Third-hand descriptions of the Welte recording process and the
speculation of how it may have been done have not convinced me that
there was an instant playback capability or that dynamics were
"recorded" in real time.
Where are the first hand accounts? There were scores, if not hundreds,
of people present at these mysterious recordings -- the pianists! Do
any of them, in their memoirs, describe instant playback or other
technical miracles of the day?
Paderewski's autobiography, to mention one prominent example, is
detailed to the point that it is loaded with trite anecdotes: he drops
names of everyone worth mentioning he meets; he gives details on the
hardness of his hotel bed in Rio where he toured in 1910. However,
recording piano rolls is not even mentioned once in the whole lengthy
book. Doesn't this border on denial?
Why no mention of Welte, Duo-Art or any other player piano? Perhaps
it is because he does not count his recordings onto rolls among the
achievements he wants to be remembered for. Perhaps the rolls do not
really represent true likenesses of his playing. Perhaps, in later
years, he was ashamed for taking money and becoming part of a ploy
that duped the public?
One name not mentioned here yet is Hugo Popper. If he was not the
father of the reproducing piano, then surely at least its midwife.
Based in the cosmopolitan city of Leipzig, an important centre of
music, mechanical and otherwise, this visionary had the means and the
contacts and the charisma to enlist famous pianists to record for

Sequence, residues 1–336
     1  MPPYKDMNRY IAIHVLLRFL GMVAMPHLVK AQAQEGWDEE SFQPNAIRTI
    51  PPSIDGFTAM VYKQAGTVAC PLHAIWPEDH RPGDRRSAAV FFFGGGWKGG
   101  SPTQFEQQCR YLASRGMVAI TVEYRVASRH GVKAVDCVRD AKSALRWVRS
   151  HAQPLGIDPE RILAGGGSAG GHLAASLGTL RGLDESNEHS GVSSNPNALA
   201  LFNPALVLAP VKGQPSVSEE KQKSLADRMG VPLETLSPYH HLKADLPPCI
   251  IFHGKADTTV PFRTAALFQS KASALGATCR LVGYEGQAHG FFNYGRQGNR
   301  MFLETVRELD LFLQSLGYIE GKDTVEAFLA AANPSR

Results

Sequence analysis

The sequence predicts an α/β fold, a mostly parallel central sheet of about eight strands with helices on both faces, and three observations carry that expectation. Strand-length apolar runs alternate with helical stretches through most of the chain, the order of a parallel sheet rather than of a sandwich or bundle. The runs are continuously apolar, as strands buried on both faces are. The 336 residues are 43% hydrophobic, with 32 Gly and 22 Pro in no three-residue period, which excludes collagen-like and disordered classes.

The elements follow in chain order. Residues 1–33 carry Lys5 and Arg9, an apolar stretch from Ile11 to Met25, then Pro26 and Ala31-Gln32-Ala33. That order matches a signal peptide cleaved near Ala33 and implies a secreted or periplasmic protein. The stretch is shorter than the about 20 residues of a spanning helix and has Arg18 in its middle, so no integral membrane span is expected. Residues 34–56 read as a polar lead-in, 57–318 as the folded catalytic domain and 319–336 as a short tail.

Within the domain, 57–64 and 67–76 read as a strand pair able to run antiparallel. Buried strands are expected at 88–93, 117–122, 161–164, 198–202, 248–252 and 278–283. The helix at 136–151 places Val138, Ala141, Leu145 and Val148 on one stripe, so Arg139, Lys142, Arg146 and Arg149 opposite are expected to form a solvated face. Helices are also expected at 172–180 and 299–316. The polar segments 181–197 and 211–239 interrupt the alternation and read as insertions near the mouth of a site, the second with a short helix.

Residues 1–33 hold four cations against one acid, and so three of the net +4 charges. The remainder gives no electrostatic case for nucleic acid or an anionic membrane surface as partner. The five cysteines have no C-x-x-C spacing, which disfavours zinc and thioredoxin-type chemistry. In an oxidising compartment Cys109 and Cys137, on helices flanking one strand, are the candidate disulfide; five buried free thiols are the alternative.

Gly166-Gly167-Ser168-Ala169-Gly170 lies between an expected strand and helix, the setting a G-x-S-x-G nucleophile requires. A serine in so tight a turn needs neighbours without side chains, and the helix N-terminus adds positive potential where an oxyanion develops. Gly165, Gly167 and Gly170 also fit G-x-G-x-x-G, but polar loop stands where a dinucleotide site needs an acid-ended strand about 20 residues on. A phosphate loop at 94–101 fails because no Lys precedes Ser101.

Welte. This was the key to breaking into the market.
Many recordings took place in Poppers' "salon" in Leipzig until his
death in 1910. It seems the artists needed some enticement to put
their signature to the rolls that bore their name but perhaps did not
truly represent their performance. Huge sums of money were undoubtedly
paid out, as well as "gifts" including at least one luxury automobile.
Regarding marketing -- 100 years ago advertisements were at least
as manipulative as they are today, using all the tools of propaganda
to lure in the potential customer. Reading a Weber orchestrion ad,
for example, leaves the impression that there are at least three or
four more ranks of pipes in their "Maesto" than are actually there.
Victor's motto, "His Master's Voice", should have read, "Reminiscent
of His Master's Voice". Similarly, the Welte Licensee ad promises
"The master's fingers on your piano", which perhaps should read
"Reminiscent of the master's fingers on your piano".
It would have been in any manufacturer's interest to create a veil
of mystique around his product and the process of achieving it. What
better way to titillate the public interest? Welte and Bockisch, the
inventors, and Popper did an excellent job of this -- long after they
died the mystery lingers on. We are still intrigued today by the
question, "How did they do it?"
Those knowledgeable in the history of technology can speculate on
whether or not it would have been possible to record dynamics or to